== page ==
This a guest post written by the British Columbia Coalition of Motorcyclists (BCCOM), a membership-based lobbying organization that promotes motorcyclists rights in the province of B.C. and represents the voice of BC’s motorcycling community.
The British Columbia Coalition of Motorcyclists (BCCOM) has been asked numerous times by our members over the years to put forward a proposal to legalize lane filtering in British Columbia. A proposal was drafted and sent in 2011 and again revised and sent in 2013. Both were rejected; the provincial government at the time was not comfortable with the findings.
On January 1, 2017 California became the first state to legalize lane splitting. That is not what BCCOM is trying to accomplish in B.C.; we want to implement lane filtering.
The main difference between lane filtering and lane splitting is the speed at which it is done. Lane filtering would only allow motorcyclists to filter in stopped traffic or slow moving congestion (going 30km or less) and would only allow motorcyclists to travel 10km above the speed of traffic.
We see lane filtering as a safety issue. A new study by the University of California, Berkeley reviewed almost 6,000 traffic collisions that involved motorcycles between June 2012 and August 2013. Researchers, led by Dr. Thomas Rice of the Safe Transportation Research and Education Center (SafeTREC) found what many riders in B.C. already believe: “lane-filtering” is safe if you do it at a reasonable speed.
- Lane-splitting is safe if done in traffic moving at 50 mph or less and if motorcyclists do not exceed the speed of other vehicles by more than 15 mph;
- Compared to riders who were not splitting lanes, lane-splitting motorcyclists were markedly less likely to suffer head injury (9 percent vs. 17 percent), torso injury (19 percent vs. 29 percent) or fatal injury (1.2 percent vs. 3 percent);
- Compared to other motorcyclists, lane-splitting riders were more often riding on weekdays and during commuting hours, were using better helmets and were traveling at slower speeds;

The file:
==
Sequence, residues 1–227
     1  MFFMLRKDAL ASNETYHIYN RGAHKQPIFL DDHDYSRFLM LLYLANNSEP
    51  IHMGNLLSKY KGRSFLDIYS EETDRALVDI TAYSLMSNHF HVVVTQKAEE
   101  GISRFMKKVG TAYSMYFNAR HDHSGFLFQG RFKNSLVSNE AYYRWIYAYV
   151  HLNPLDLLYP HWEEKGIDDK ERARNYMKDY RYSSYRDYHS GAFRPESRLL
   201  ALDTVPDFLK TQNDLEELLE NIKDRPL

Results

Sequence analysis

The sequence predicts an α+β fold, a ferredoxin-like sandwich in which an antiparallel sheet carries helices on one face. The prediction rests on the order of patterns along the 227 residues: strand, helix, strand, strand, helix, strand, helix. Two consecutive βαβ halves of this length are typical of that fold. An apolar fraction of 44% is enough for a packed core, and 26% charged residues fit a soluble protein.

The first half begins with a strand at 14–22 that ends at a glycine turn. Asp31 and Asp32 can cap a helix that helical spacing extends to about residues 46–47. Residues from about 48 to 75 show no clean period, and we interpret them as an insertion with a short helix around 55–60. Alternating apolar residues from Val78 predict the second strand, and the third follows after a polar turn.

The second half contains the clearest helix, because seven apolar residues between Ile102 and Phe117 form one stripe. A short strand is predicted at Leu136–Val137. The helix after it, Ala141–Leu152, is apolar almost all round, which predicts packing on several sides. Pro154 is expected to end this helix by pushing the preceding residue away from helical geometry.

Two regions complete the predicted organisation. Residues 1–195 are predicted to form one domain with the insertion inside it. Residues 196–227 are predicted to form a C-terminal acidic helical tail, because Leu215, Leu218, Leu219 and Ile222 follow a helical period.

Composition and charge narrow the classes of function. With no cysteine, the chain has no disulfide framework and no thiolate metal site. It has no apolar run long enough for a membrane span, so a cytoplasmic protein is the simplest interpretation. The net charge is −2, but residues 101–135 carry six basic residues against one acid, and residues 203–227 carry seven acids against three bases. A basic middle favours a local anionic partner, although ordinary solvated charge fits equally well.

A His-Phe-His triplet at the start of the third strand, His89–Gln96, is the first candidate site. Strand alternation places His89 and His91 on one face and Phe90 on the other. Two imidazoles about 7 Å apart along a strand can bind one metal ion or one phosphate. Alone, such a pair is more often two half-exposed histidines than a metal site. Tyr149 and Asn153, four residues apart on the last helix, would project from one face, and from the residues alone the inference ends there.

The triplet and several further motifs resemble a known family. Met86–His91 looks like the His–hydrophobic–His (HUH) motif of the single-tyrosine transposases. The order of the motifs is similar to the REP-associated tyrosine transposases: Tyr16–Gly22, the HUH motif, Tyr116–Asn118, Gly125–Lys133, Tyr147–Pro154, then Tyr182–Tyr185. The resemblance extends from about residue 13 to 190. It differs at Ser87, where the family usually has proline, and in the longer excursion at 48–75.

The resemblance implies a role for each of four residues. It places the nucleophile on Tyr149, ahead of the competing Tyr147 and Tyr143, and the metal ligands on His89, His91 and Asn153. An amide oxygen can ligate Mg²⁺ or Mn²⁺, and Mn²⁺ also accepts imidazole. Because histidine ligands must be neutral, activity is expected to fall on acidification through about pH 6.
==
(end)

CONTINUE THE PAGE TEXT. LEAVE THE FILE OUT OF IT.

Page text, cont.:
- Riders who split lanes were very infrequently rear-ended by other motorists (less than 5 percent) and compared to non-lane-splitting riders were 2 percent less likely to be hit from behind.
It also states that lane splitting riders were more likely to rear-end a motorist who has unexpectedly changed lanes in front of them. The full study can be seen here.
Lane filtering is a common practice in many countries across the world, especially highly urbanized areas in Asia and Europe.
BCCOM wants to sit down with the Ministry of Transportation, ICBC and TransLink to discuss bringing lane filtering to our province and how to safely implement the practice. Guidelines will need to be set so that law enforcement is able to help execute and regulate responsible practices. Since a large majority of motorists in B.C. do not ride motorcycles, non-motorcyclists will need to be informed of the risks and the benefits of lane splitting. We believe it would take a few years and a number of large public awareness campaigns to educate road users.
We have prepared a template for BC’s motorcycle community to send to nominated candidates in the upcoming British Columbia election this May.
I’m writing you on the behalf of myself and the motorcycling community in ______________, I would like to know what your political stance would be on lane filtering being established in British Columbia.
Lane filtering would give motorcyclists the legal right to filter through standstill traffic (red lights or traffic jams) and or strong congestion going 30 km or less and would only see the motorcyclist going 10km above what the rest of traffic is doing. It would help to position motorcyclists in a spot where they are less likely to be rear-ended and would help motorcyclists to be more visible to other motorists around them.
Cutting down on both air pollution and congestion would also be a benefit in implementing lane filtering. Of course this would be an issue that would take research, time and a large public awareness campaign to implement.
I look forward to hearing your opinion on the matter.
Thank you for your time.
We want to see this practice brought in to help prevent motorcyclists from being rear-ended, to help safely get them to the front of the line where they will be more visible (to motorists) and have better visibility for themselves.
If lane filtering were to be approved in British Columbia, BCCOM reminds riders that it is a choice that everyone can make for themselves. If it’s a practice you don’t feel comfortable with, it’s not something you have to do. We ask that everyone keeps an open mind and considers the wishes of other motorcyclists who see the benefits of lane filtering.
For more information, visit the British Columbia Coalition of Motorcyclists online at www.bccom-bc.com.